Here Are the Young Men by Rob Doyle
|Here Are the Young Men by Rob Doyle|
|Category: Literary Fiction|
|Reviewer: Patricia Duffaud|
|Summary: An effective first novel about alienated teenagers in Dublin during the Celtic Tiger years.|
|Buy? Yes||Borrow? Yes|
|Pages: 304||Date: September 2014|
|Publisher: Bloomsbury Publishing|
|External links: Author's website|
Here are the Young Men surges forward, oozing edginess, from the very first sentence. Is that a bad thing? Probably not. It just means that readers may at times slip out of the story, feel themselves taking a step back and admiring the spare coolness of the novel before easing back into the narrative.
The characters, teenage boys who are awaiting the results of their Leaving Cert, feel alienated. They take drugs and walk the streets of Dublin during the Celtic Tiger boom years. The novel shines an interesting light on this recent period in Ireland’s history. In fact, viewing it from a teenage perspective is effective – everyone else seems gripped by the country’s newly found riches, living the moment and unable to see its negative aspects. The city’s wealth is obvious, flaunted in the trendy haircut of a young woman or in the impregnable gates encircling Bono’s mansion. In contrast, the young men’s dejection and aimlessness make them seem wiser than their countrymen.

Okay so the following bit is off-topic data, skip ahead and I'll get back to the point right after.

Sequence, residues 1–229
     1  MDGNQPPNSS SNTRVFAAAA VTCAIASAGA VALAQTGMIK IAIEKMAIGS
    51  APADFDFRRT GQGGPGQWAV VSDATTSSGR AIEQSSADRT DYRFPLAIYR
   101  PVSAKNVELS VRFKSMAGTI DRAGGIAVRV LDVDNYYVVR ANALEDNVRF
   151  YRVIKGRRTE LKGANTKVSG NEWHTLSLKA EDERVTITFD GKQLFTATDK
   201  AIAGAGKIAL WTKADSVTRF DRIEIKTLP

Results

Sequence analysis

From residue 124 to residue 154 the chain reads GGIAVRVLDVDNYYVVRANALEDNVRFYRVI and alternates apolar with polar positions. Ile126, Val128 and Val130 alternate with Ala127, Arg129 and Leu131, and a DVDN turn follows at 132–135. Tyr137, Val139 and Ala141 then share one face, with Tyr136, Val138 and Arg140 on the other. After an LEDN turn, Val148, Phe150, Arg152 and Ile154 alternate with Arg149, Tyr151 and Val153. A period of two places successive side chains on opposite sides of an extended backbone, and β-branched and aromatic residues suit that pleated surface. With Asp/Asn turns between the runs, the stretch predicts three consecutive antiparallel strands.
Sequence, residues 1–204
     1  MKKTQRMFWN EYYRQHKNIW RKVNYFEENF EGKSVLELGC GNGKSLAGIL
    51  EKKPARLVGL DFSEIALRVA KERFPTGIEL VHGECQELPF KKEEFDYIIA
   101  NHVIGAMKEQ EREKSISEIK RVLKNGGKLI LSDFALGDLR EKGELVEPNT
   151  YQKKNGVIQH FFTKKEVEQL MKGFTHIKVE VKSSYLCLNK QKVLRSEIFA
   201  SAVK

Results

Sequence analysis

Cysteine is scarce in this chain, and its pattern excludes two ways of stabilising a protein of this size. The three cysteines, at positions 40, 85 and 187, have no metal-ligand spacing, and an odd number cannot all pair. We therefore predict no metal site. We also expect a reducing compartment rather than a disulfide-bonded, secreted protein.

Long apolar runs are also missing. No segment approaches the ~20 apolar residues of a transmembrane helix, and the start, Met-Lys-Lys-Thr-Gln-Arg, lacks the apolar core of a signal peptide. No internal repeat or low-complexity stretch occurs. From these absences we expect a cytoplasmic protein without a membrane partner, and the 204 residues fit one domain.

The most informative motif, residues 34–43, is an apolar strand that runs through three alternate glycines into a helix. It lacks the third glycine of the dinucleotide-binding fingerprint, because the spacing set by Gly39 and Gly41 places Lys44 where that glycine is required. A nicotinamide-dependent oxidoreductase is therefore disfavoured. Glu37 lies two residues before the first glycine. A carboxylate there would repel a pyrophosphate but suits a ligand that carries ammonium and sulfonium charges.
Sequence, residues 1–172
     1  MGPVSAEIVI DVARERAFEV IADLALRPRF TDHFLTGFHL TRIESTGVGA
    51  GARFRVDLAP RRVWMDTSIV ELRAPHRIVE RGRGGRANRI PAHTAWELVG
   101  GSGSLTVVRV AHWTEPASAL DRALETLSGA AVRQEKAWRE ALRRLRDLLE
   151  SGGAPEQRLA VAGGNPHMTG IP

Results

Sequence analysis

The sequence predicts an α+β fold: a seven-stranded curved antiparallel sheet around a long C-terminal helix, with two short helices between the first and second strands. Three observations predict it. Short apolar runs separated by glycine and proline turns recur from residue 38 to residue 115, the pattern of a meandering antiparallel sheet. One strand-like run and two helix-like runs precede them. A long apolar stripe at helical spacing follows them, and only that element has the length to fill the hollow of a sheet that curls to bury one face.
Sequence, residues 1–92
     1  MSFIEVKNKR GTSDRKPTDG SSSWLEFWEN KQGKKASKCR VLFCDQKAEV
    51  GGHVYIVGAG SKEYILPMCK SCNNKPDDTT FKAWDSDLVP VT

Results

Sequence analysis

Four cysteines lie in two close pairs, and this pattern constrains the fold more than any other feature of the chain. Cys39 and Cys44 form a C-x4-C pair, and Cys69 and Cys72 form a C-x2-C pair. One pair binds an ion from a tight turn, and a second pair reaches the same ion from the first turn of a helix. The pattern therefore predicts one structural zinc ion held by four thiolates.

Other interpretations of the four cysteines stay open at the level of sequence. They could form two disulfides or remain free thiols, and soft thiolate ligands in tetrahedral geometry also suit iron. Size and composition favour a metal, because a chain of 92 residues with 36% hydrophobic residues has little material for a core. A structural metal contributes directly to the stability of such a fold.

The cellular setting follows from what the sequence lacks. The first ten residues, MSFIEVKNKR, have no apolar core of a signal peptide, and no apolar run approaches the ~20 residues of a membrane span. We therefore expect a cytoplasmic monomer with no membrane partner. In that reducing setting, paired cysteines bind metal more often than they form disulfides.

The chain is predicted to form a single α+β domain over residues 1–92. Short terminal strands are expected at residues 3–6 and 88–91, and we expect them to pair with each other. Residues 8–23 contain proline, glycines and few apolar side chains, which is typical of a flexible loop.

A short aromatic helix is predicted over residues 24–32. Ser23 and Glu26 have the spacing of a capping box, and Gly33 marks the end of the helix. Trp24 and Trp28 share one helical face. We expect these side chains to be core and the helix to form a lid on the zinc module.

Rez, in particular, reads philosophy books and questions and doubt constantly assault his mind, preventing him from enjoying the moment. Even his time with his girlfriend is compromised: he is keenly aware of how scripted sexual relationships are. He knows that every one of her breaths and moans has already been enacted onscreen, that she’s following the lead of some beautiful actress. As a result, he is unable to let go and enjoy the lovemaking. He sees other people as hammy actors as they take on the facial expressions of TV characters, for instance when they’re smoking a cigarette and gazing into the distance. What, then, is reality if everything is a copy of TV or film scenes? Doyle is great at pointing out this aspect of contemporary life.
Here are the Young Men captures perfectly the liminality of teenage years. The ennui, the use of drugs to stupefy and silence thoughts, the drifting, are rendered accurately. However, the influence of the internet and video games leads, in the second half, to developments that can seem unlikely.
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